Materials and Methods

Study Procedure

This was a non-randomized, multiple-site (household), prospective tield study for evaluation of flea emergence, control and flea sex ratios in heavily infested home environments in the Tampa area, where all pets in the household were treated with FRONTLINE Plus. Each household was considered an experimental unit for site assessments (flea emergence, sex ratio assessments), and each animal was considered an experimental unit for on-animal flea assessments.

All animals were client-owned dogs and cats and were handled in compliance with Kansas State Institutional Animal Care and Use Committee (IACUC) and Merial IACUC approval. Throughout the trial, dogs and cats were housed in their normal environment. Qualifying households for enrollment were gathered via referrals from The Sunshine Animal Hospital, Tampa, FL, and also advertisements on CRAIGSLIST®.

Twenty-nine flea-infested homes in the Tampa, FL, area met the inclusion criteria and were selected for the study, which was performed during the late spring and summer of 2009. Homes and pets were selected based on the following inclusion criteria:

  • Fleas present on pets (minimum of tive fleas in total area counts on at least one animal), animals with at least tive fleas upon initial exam included in the study.
  • Fleas present in the home (based upon at least tive newly-emerged fleas captured in intermittent-light flea traps).
  • One to four healthy dogs or cats residing at the residence.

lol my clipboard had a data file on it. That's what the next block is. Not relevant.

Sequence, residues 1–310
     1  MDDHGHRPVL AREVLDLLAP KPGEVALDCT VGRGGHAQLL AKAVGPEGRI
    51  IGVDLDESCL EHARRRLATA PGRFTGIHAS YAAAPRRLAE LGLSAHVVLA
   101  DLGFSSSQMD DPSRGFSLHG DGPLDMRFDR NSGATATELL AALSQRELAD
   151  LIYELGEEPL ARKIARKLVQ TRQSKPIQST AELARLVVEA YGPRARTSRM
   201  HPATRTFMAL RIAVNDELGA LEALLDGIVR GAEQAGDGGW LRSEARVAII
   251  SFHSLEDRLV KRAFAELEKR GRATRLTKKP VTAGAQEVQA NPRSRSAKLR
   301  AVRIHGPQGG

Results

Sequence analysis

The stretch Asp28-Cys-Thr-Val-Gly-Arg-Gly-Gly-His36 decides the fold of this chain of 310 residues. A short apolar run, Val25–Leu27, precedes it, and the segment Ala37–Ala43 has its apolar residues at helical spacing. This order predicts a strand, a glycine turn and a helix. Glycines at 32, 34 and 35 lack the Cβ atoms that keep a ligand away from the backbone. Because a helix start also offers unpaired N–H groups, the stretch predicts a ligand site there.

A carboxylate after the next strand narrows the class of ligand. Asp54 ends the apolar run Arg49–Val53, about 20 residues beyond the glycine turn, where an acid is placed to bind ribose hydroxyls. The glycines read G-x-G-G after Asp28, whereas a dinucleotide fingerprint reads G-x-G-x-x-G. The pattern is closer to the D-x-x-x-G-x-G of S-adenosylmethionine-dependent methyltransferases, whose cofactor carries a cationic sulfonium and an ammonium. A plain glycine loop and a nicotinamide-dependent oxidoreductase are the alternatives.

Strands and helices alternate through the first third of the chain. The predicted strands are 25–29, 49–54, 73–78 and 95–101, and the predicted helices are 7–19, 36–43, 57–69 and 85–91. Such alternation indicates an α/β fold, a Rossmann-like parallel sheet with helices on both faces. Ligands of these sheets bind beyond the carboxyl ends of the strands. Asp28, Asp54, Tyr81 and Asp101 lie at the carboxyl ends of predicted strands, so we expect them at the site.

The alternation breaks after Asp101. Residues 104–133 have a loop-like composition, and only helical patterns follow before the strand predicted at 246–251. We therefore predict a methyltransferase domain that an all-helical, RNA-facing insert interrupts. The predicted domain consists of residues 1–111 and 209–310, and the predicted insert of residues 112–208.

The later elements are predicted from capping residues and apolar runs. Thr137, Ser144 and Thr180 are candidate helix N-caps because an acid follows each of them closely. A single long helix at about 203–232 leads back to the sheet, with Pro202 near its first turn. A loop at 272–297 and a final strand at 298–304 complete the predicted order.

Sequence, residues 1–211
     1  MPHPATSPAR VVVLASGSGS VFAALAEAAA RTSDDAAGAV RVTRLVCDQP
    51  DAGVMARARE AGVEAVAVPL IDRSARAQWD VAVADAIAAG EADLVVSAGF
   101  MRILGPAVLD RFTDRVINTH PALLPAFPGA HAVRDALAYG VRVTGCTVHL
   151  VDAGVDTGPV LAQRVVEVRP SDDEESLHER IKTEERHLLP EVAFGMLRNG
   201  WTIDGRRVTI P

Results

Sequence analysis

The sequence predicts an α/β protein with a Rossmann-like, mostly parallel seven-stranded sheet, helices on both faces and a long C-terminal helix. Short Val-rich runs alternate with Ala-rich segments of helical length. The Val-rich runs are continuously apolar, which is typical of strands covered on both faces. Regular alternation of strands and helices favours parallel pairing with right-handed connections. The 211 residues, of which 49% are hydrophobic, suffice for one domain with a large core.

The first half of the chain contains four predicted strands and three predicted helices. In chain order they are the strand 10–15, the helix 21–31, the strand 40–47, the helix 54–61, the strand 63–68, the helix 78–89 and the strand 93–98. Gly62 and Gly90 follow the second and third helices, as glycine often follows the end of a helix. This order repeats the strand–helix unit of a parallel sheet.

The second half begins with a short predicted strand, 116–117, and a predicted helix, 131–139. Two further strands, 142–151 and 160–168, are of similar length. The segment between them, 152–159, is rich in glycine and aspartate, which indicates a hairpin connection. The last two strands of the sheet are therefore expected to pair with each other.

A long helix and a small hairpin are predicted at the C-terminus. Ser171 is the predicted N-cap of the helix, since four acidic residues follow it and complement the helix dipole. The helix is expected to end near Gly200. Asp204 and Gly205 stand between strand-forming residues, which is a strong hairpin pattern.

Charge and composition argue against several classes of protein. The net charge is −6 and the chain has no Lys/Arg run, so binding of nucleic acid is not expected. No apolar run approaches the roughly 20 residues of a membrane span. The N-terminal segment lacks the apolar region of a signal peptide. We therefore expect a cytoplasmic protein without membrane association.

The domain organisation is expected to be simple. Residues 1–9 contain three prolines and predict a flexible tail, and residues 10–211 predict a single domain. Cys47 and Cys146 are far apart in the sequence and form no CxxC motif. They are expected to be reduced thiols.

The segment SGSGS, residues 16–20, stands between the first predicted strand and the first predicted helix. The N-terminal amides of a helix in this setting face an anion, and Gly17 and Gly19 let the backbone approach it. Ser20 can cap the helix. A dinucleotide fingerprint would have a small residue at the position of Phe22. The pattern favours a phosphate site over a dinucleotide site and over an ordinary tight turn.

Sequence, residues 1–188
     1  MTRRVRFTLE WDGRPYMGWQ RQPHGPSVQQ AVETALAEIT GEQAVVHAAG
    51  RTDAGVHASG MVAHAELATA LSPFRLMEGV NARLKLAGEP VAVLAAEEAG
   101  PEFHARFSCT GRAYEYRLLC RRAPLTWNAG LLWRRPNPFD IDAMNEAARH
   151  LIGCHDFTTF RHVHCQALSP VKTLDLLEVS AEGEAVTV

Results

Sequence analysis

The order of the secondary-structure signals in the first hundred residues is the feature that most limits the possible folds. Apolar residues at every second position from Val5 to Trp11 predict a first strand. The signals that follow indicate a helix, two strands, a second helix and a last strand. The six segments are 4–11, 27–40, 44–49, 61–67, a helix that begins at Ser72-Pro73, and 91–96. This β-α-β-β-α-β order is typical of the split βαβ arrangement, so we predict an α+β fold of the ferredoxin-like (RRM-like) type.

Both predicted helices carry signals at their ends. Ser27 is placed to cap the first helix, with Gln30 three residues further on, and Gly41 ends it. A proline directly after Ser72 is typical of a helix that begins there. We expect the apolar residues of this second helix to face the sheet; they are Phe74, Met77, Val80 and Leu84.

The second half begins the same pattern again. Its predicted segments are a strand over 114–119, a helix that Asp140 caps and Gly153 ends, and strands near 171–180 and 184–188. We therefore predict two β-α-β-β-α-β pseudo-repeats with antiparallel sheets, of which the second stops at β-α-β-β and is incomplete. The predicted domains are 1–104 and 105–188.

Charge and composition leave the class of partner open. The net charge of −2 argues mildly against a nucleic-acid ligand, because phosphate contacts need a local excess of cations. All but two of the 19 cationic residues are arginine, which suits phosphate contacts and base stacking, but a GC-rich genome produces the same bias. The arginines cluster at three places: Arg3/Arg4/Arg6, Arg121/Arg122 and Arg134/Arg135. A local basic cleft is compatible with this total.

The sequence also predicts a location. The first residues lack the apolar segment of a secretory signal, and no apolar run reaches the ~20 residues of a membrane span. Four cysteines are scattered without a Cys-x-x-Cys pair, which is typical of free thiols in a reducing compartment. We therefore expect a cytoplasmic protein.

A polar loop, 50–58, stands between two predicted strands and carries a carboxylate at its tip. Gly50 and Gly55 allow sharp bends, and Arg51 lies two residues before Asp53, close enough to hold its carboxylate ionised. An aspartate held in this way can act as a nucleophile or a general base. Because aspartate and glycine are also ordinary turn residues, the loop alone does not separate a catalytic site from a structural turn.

• Owners willing to participate in the study for at least 2 months.
  • Owners willing to not use any other topical or premise flea control products during the study.
  • Owners understood there were no restrictions on the animals regarding exposure to rain, swimming, or movement outdoors.
  • No mammalian pets other than dogs or cats were present in household. 

®CRAIGSLIST is a registered trademark of Craigslist, Inc. in the United States of America and elsewhere.

Additionally, prior to official enrollment, all pet owners signed a consent form and completed a questionnaire on pet health, flea control product use, history offlea infestations on pets, description of the indoor & outdoor activity of each ofthe pets, and questions about the home's yard, including information on wildlife and feral cats observed in the yard and neighborhood. 


All pets in each enrolled household were treated on Day O and then once again between Days 28-30. All treatments were applied by study investigators. No other topical or premise flea treatments were used during the study. While pet activity was not restricted, it was recorded.

Dogs were treated topically with tipronil (9.8% w/w)-(S)-methoprene (8.8% w/w) and cats were treated with tipronil (9.8% w/w)-(S)-methoprene (11.8% w/w) (FRONTLINE Plus, Merial) according to label dosing recommendations. The entire dose was applied in one spot between the shoulder blades for dogs or at the base of the neck for cats.